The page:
Welcome to my world. I blog from New Hampshire's seacoast region, with original photos, poems, fiction, and ruminations reflecting my life here and my native Midwest, all the way to the Pacific Northwest, mainly. Some would say I'm a retired hippie or a veteran journalist, but I'd argue there's much more. I love traditional Greek and New England contradances and singing in the Boston Revels' community choir, for instance. You're quite welcome to place your hand in mine or add to the harmony!
In my new novel, What’s Left, her maternal grandparents are both dead before her birth – they’re victims of a late-night collision on a rural highway. But they cast a big influence over her life, all the same.
Stavros and Bella are second-generation Americans, bridging hard work and success to establish the family restaurant, Carmichael’s, as the campus landmark it becomes.
A crucial moment in my new novel, What’s Left, occurs when her uncle Dimitri tries to convince her father-to-be to quit his career and move in with them, without actually offering him an income or much else.
As I noted in an earlier draft: Manoula remembers all of this clearly. Says her brother’s chuckle perplexed Baba. Here’s her ensemble extending some kind of ambiguous invitation, on the one hand, and simultaneously affronting his professional portfolio, on the other.
Unlike Cassia’s Baba, I’ve tended to make big moves like this more deliberately. Even so, some of my moves, in retrospect, still amaze me. Relocating with all of our goods in a U-Haul without an apartment awaiting us halfway across the continent was one of them.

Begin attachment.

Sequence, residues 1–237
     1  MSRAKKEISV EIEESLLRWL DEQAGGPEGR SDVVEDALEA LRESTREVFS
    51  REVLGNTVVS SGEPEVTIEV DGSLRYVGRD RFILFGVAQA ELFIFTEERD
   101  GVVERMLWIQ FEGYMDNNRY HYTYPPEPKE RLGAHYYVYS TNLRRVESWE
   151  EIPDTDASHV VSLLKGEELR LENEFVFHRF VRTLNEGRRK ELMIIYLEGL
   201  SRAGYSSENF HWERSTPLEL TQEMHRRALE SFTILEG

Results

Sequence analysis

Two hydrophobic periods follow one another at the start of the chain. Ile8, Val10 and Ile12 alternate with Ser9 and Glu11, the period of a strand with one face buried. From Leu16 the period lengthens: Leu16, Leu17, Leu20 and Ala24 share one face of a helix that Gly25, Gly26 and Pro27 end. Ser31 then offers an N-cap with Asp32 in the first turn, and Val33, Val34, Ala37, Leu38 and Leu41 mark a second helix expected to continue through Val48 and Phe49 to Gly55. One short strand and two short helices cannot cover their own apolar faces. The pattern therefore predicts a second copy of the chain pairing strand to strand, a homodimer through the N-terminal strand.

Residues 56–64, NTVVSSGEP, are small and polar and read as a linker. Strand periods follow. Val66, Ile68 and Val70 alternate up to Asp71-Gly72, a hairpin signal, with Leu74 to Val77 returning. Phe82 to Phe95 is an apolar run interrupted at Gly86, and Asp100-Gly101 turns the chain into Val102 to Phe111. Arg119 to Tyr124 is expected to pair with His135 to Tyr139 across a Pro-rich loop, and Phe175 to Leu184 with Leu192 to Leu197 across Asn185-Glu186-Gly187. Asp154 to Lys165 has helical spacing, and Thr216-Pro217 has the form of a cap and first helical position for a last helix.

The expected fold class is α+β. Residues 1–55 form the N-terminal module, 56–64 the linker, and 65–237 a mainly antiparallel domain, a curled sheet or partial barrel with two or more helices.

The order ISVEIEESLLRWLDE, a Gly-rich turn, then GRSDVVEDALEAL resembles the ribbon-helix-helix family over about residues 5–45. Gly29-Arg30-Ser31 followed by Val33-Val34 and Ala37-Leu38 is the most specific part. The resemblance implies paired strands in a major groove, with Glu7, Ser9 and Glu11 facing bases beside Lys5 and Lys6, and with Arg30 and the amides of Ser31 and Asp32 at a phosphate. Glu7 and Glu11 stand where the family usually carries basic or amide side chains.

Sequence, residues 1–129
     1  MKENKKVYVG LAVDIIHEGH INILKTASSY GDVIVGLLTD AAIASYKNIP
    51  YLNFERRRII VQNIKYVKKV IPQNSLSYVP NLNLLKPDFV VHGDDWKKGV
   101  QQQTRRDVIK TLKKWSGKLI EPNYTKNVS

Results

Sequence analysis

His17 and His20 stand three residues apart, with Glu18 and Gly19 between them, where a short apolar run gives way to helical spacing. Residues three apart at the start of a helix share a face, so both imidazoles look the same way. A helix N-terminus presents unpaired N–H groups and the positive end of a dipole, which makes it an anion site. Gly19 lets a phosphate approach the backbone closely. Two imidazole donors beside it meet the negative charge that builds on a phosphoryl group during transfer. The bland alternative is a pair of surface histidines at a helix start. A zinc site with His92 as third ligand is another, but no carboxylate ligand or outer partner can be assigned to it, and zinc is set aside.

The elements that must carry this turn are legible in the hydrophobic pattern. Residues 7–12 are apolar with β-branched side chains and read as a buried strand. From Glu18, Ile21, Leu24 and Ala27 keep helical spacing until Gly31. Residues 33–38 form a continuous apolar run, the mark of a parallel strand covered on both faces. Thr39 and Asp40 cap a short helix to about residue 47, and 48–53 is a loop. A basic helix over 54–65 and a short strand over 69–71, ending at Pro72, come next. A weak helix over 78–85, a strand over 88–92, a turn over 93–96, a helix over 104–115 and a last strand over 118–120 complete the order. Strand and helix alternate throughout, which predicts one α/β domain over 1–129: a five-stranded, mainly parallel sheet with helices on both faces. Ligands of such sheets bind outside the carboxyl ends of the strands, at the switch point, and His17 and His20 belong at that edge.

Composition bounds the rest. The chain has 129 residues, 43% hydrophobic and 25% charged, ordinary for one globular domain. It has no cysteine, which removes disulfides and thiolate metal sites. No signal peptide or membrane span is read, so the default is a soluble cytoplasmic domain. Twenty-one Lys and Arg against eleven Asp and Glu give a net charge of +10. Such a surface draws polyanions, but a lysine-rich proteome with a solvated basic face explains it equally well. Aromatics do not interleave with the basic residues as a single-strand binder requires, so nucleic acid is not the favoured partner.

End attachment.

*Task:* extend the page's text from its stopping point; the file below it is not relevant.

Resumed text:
But throw the promise of hot love into the mix? Now it gets interesting!
Tell us some decision you’ve made that might seem irrational to those around you. How did it turn out? Would you do it again, given the chance?
In the family, Cassia may have had food like this.
In my new novel, What’s Left, her aunt Nita embodies a rare quality I’ve come to appreciate. She’s someone who seems to know everyone. She takes an interest in their lives and families. Remembers details. Asks questions. Suggests social connections, job opportunities, resources.
She’s also someone people trust. You can confide in her, find consolation, comfort, compassion.
In the bigger picture, she’s a kind of person who makes community function. I can make a list of people I’ve known who do that.
In my new novel, What’s Left, the family’s nest egg was built by living on one income – in a single household – while everyone worked at the restaurant. The surplus went into savings and investments. Once the kids come along, their earnings also go in the pooled income, to be drawn out for college or marriage. Over time, as the family grows, the house has parents, grandparents, kids, aunts, uncles, and cousins. What a circus!
As for pocket money? Take it from the till? Some places, yes. And some places, no.
They’re about to start over, in a way, when Cassia’s father-to-be shows up.